I think about Larry, a young man I write about at the end of the chapter excerpted below, who once shared during a public meeting of residents that he had been strip-searched at the local police station before being released. Nearly a month later, I witnessed the lingering impact of this violation, as Larry launched accusations and insults at officers who were, once again, on the block: “Not tonight. Not tonight, “Larry repeated in a monotone chant as a crowd of officers and residents gathered. “Ya’ll not taking me in tonight,” he repeated, bouncing on his toes like a boxer getting ready for a match. “You’re not going to strip search me. That’s illegal.” 

When people write off defunding as too radical, choosing instead to tighten their grasp on reform, I think about how I tried to calm Larry down in that moment, to quiet his protest for fear that his attention would attract the aggression of the officers.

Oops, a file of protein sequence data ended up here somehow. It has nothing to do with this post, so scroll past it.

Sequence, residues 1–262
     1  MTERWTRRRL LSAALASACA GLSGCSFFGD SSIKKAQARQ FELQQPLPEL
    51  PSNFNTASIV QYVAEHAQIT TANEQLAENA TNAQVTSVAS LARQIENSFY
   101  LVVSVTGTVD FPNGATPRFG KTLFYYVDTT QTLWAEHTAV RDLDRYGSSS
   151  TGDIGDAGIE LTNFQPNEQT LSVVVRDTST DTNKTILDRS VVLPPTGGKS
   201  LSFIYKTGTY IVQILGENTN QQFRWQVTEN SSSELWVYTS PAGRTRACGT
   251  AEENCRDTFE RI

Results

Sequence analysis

“It’s frustrating,” he says. “They can come up here, take me to the station, strip search me, and I can’t do anything back to them.” 

In retrospect, my response to him was a weak and tired one, and one that he had probably heard time and time again. “You’re trying to go somewhere,” I said. Don’t let this moment knock you off that path, I told him. Really, I was thinking, I don’t want the police to hurt you more than they already had. I don’t want you to die tonight.  

I succeeded in calming Larry down that night and maybe I did save him from injury, maybe even death, but something was lost too. As I write in the chapter, “by encouraging him to retreat, I forestalled any revolutionary potential that may have existed in his efforts to directly confront the police.” The sort of revolutionary potential that reminds a Black youth that his life matters. The kind of revolutionary potential that we see in the streets at this moment.